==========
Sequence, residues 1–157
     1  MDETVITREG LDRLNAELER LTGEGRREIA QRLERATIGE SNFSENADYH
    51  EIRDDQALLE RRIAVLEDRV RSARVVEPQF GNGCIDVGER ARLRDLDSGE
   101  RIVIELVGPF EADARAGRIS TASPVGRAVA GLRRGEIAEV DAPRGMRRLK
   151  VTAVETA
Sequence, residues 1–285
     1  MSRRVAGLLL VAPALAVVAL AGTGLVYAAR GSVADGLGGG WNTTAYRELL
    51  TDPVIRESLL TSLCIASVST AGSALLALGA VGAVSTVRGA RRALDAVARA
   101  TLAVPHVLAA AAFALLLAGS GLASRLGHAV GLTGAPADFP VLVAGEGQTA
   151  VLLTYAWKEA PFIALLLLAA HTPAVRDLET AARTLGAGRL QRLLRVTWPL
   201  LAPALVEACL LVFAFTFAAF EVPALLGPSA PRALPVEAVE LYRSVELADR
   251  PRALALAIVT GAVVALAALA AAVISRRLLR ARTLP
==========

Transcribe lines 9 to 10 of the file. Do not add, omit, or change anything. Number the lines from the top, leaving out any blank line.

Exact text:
   101  TLAVPHVLAA AAFALLLAGS GLASRLGHAV GLTGAPADFP VLVAGEGQTA
   151  VLLTYAWKEA PFIALLLLAA HTPAVRDLET AARTLGAGRL QRLLRVTWPL